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Consider Sergio

As I explained yesterday, the Buffalo News editorial board endorsed Mayor Byron Brown in Thursday’s edition. Brown is running for his third term as mayor of a struggling, poor rust belt city who runs a hyper-politicized, allegedly corrupt petty fiefdom. With a million in the bank, he can steamroll over most challengers and has built an interdependent political machine, cavalierly flaunting the laws that ostensibly limit municipal employees’ electioneering, and his ability to compel it.

Byron Brown is a nice enough guy and people like him, but I don’t think he’s the mayor Buffalo needs.

Before you hammer me for not living in the city and opining on the election of its chief executive, I’ll concede the point. But I spend far more of my waking hours working in the city than at home, and I am a firm believer in regionalism. I believe that a strong and prosperous Buffalo is good for everybody. It is the region’s anchor – its entire reason for being, and it’s in everyone’s interests to care how it’s doing. 

I’m not a Republican, but I think that Sergio Rodriguez has run a strong, issues-based race against Mayor Brown, and he’s done so despite being forced to navigate a figurative minefield to do it. He has no support from the county Republican committee, and doesn’t have enough money to do much of anything. He’s bought some lawn signs, but doesn’t have the scratch to do a set of mailings, much less to get on radio or TV.  Instead, he’s been wearing out his shoes, going directly to voters, and he’s been using social media in a town where promotion on Instagram or Foursquare isn’t going to go far. 

Because of the feudal system that Byron Brown has inherited and enhanced, big donors know that helping Sergio is the kiss of death – Brown and his consiglieri would shun you, and no one wants to get sidetracked to discuss what’s happening. Being a Brown outlaw and attempting to do business in the City of Buffalo – any business requiring a permit or license – is untenable. The political class in Buffalo, which is dependent on Brown for its livelihood, knows better than to back Rodriguez.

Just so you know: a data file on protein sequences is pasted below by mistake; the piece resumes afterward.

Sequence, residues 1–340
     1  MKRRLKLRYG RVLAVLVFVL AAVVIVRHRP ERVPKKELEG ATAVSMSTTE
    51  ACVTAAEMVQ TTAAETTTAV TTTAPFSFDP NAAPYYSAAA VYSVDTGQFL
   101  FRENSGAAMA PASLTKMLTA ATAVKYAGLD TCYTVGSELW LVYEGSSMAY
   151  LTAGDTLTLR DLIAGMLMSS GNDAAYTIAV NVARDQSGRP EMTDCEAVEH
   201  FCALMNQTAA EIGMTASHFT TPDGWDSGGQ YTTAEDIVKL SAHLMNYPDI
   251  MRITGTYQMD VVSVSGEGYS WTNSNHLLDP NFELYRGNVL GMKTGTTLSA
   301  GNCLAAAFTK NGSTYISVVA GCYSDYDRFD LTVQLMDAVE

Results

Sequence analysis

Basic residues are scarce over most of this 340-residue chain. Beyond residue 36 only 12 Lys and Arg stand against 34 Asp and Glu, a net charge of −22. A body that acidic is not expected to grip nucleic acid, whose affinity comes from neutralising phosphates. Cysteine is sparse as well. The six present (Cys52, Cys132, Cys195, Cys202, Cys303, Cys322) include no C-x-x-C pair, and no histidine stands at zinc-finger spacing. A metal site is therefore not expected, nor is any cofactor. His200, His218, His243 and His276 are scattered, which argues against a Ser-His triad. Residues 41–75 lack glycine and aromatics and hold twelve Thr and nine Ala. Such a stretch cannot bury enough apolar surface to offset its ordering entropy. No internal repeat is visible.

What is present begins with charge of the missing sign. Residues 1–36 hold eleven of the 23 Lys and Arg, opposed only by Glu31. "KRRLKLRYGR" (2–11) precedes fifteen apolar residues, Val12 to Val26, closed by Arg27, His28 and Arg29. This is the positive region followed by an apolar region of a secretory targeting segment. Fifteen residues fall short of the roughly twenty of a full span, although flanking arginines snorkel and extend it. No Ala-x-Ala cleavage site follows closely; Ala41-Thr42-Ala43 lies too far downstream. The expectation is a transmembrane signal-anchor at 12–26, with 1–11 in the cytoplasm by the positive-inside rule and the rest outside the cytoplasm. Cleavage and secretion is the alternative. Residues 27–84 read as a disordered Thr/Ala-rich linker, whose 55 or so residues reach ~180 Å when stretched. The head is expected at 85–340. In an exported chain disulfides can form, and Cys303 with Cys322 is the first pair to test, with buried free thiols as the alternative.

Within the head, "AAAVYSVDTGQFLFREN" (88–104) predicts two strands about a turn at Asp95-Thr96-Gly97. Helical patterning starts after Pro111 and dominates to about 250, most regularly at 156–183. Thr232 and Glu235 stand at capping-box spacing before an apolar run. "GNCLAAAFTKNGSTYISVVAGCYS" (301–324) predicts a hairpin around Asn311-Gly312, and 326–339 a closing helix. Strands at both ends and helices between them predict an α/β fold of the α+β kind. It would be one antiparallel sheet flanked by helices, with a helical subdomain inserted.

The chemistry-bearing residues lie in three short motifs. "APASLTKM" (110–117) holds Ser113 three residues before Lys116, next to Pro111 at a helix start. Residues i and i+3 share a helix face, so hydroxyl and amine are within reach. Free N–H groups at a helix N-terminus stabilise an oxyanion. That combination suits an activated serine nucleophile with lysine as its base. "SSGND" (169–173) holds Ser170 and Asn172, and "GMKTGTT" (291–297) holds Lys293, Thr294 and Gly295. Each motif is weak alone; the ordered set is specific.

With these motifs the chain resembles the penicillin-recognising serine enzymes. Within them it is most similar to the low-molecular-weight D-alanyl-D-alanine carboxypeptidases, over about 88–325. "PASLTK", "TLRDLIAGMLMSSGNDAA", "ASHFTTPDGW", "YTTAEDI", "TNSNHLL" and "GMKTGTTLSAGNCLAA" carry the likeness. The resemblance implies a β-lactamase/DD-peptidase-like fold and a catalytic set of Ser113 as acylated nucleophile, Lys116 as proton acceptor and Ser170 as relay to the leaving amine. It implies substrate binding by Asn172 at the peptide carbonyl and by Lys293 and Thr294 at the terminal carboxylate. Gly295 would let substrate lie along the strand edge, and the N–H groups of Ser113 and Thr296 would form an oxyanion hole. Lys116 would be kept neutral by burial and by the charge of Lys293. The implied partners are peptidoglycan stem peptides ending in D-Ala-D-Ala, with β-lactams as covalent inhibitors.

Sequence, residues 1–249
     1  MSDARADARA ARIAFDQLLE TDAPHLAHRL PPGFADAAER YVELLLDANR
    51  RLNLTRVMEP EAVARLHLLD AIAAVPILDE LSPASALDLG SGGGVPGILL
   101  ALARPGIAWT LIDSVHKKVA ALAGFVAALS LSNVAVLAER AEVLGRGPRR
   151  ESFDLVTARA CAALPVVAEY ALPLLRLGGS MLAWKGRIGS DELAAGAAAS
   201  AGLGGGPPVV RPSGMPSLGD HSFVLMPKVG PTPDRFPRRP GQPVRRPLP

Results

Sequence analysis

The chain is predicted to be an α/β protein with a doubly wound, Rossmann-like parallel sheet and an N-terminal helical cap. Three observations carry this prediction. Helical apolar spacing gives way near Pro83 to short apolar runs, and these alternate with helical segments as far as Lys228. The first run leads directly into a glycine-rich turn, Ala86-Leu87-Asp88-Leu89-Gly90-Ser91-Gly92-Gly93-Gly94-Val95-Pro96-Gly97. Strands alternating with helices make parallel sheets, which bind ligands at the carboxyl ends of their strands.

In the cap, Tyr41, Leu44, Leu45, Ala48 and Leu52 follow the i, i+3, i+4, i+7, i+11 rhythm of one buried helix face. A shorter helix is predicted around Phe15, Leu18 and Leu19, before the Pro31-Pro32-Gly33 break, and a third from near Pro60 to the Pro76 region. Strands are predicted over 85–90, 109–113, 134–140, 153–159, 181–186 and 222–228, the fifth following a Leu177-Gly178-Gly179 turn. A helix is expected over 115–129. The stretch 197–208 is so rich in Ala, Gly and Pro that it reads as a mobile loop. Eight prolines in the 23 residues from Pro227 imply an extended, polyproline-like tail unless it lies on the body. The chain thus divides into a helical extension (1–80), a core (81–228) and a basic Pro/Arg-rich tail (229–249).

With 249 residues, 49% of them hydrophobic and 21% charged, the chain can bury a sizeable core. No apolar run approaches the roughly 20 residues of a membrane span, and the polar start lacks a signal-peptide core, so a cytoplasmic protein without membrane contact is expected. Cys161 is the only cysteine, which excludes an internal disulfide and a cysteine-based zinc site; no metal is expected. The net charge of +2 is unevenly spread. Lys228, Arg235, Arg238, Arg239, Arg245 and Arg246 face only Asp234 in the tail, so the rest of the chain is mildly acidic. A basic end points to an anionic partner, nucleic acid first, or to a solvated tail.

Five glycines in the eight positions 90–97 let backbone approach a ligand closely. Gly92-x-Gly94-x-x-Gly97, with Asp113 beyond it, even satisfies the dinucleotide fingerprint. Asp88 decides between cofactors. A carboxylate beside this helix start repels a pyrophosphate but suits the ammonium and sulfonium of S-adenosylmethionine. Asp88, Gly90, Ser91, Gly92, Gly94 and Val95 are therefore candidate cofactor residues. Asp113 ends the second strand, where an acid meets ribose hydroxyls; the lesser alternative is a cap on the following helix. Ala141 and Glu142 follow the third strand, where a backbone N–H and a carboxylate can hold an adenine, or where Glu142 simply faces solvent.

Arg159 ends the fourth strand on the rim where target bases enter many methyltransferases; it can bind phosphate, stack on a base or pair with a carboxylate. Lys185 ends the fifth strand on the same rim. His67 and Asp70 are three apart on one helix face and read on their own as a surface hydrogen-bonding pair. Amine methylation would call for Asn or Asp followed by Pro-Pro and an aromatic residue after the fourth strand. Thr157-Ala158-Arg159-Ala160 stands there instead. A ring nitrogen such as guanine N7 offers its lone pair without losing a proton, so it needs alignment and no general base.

The Republicans? Some will privately say that they think Sergio isn’t ready for primetime; that they like him, but while he has good ideas, he hasn’t done much to see them through to completion. They’ll tell you his follow-through stinks, but they’d be in a unique position to help him out with this. What a coup it would be for them to take City Hall after a few generations! But they, too, have a business relationship with the Brown Administration, and it’s best to not rock that boat. 

Stefan Mychajliw is running for his first full term as County Comptroller. Despite the fact that he has literally no idea what he’s doing and treats every press release (and there’s one about every day) as an “audit”, and despite the fact that the “best and brightest” whom he’s hired have abandoned ship, he has charisma, name recognition, and a compelling backstory which will likely propel him back to the 11th floor of the Rath Building. Kevin Gaughan was the Democratic fallback candidate, and while he runs rings around Mychajliw on the details, he doesn’t even come close to touching Mychajliw when it comes to retail politicking. 

One of the reasons the Republicans won’t help Sergio has to do with city turnout; if there was a competitive Mayoral race, Democrats would vote; if city Democrats turn out to vote, they’ll likely vote for Gaughan. So, they sacrifice Sergio to help ease Stefan’s re-election. Sure, it makes perfect tactical sense, but it’s fundamentally cynical.

The News’ endorsement of Brown is astonishing because it has very little, if anything, positive to say about Brown’s accomplishments as Mayor. Almost all of the major projects taking place, representing Buffalo’s “boom” exist in spite of Brown, rather than because of him. More often than not, they come about when he gets out of the way. He gets to show up at the ribbon-cutting and make a proclamation, and then skulk back to the 2nd floor, behind armed guards, to oversee fiefdom.